DUBLIN (Reuters) - Ireland has formally rejected claims by U.S. Senators Carl Levin and John McCain that Ireland is a tax haven and that it handed Apple a special tax deal.
Ireland's ambassador to the United States Michael Collins has written a letter to the two senators emphasizing that Ireland's tax system is transparent, according to the text released by the finance ministry on Friday which echoed points made by Irish ministers and officials.
Ireland has been forced to defend its low corporate tax rate after the Senate heard last week that the iPhone and iPad maker paid little or no tax on tens of billions of dollars in profits channeled through Irish subsidiaries and had effectively negotiated a special corporate tax rate of less than 2 percent.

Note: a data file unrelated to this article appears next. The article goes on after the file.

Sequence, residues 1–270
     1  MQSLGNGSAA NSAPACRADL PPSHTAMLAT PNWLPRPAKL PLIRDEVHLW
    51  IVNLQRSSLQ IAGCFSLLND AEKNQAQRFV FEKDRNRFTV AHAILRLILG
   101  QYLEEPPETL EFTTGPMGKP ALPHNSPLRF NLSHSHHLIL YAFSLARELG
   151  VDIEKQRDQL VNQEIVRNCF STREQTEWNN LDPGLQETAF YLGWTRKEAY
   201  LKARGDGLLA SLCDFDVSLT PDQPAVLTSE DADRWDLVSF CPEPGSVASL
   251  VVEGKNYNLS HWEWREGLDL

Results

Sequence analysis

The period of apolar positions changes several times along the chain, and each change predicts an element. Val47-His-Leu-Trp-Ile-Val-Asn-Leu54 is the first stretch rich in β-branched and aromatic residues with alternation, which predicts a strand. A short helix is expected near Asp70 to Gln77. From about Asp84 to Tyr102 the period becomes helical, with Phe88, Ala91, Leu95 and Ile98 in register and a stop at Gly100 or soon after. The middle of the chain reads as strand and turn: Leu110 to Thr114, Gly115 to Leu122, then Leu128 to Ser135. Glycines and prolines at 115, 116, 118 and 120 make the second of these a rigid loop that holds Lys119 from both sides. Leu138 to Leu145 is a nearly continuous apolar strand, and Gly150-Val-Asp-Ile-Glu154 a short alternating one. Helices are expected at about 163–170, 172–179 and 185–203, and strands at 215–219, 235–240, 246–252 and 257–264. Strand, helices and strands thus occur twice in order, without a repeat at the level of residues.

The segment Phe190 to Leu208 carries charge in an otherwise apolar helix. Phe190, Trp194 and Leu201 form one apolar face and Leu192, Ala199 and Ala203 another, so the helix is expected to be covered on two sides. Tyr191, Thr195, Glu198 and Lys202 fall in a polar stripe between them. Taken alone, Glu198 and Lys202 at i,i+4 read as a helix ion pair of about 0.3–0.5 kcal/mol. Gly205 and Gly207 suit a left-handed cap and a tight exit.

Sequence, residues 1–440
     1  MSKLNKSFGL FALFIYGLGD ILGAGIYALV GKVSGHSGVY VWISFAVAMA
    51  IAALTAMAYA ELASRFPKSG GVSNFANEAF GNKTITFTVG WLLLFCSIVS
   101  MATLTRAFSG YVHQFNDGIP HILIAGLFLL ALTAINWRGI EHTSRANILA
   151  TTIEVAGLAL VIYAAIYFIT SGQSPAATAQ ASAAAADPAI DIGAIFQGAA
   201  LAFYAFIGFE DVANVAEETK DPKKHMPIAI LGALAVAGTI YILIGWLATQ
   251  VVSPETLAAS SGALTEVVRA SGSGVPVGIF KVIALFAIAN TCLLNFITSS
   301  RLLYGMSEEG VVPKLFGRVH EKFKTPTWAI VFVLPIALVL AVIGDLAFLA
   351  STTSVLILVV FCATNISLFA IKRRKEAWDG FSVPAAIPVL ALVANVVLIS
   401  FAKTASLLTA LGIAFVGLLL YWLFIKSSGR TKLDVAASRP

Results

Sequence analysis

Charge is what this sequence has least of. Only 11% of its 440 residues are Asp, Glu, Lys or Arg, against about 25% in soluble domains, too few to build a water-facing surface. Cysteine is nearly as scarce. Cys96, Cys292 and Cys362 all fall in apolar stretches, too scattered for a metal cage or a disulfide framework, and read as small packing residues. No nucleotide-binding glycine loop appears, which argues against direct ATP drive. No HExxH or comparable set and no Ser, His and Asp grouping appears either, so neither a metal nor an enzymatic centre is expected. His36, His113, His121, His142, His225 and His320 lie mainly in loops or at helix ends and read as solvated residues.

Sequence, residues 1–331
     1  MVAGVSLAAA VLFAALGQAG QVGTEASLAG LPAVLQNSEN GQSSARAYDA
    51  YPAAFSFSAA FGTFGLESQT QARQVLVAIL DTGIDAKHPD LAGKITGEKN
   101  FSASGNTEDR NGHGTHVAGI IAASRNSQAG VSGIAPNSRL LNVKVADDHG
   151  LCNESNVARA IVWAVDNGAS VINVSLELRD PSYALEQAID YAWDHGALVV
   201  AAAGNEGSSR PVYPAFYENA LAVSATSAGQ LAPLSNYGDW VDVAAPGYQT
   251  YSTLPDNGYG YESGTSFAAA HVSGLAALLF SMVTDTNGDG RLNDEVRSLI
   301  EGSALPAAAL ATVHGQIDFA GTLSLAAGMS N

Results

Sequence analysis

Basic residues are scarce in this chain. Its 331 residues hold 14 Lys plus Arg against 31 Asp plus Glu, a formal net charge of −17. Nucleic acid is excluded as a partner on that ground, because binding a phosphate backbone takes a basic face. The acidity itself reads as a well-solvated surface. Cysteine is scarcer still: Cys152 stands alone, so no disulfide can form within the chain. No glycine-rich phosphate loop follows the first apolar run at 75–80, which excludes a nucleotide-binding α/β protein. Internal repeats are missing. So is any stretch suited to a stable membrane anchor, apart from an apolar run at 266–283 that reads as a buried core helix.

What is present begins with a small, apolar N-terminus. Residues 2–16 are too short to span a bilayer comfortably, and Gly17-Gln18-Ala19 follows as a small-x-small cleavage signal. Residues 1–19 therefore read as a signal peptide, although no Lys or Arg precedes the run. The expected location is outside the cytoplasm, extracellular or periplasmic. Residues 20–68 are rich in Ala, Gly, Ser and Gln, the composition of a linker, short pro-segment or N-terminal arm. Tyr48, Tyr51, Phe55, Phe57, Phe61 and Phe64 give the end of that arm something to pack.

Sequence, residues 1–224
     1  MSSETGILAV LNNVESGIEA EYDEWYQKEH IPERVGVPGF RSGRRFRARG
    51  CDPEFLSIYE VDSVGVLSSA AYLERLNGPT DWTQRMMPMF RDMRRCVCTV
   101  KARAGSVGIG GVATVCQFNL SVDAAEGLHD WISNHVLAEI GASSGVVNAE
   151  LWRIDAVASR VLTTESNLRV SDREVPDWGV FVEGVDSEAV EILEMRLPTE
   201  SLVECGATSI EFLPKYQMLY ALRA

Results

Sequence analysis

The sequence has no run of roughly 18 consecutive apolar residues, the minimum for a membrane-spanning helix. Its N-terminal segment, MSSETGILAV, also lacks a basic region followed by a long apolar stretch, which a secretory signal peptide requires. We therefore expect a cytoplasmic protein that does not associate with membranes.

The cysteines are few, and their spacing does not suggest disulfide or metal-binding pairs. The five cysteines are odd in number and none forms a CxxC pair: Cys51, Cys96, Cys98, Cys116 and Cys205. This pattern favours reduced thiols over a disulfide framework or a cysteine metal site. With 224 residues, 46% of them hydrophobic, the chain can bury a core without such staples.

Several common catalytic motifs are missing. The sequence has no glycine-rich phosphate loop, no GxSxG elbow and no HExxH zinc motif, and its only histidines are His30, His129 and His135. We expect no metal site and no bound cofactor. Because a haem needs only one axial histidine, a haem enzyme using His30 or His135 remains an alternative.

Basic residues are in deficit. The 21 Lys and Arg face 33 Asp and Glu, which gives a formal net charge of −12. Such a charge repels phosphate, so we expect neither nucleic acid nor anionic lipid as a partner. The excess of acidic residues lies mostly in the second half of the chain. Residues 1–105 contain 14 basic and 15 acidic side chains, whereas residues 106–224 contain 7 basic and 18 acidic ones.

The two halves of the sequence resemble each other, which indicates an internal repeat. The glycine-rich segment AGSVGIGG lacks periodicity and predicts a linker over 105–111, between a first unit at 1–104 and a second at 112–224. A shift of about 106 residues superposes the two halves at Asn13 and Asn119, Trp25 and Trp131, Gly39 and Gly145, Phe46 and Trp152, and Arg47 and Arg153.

"Ireland's tax system is set out in statute - so there is no possibility of an individual special tax rate being negotiated for companies," Collins wrote in a non-confrontational letter dated May 29 which was also sent to other members of Levin's Senate subcommittee.
"The memorandum to the Permanent Subcommittee refers to Ireland as a 'tax haven'. As you will be aware, the OECD has identified four key indicators of a tax haven. None of these criteria applies to Ireland."
Dublin has begun a diplomatic offensive to repair the damage done to its reputation from the allegations and Finance Minister Michael Noonan went on the attack last week, saying Ireland would not be the "whipping boy" for the U.S. Senate.
Apple chief executive Tim Cook told a conference this week that the company does not have a special deal with the Irish government that gives it a 2 percent flat rate of tax.
(Reporting by Padraic Halpin; editing by Stephen Nisbet)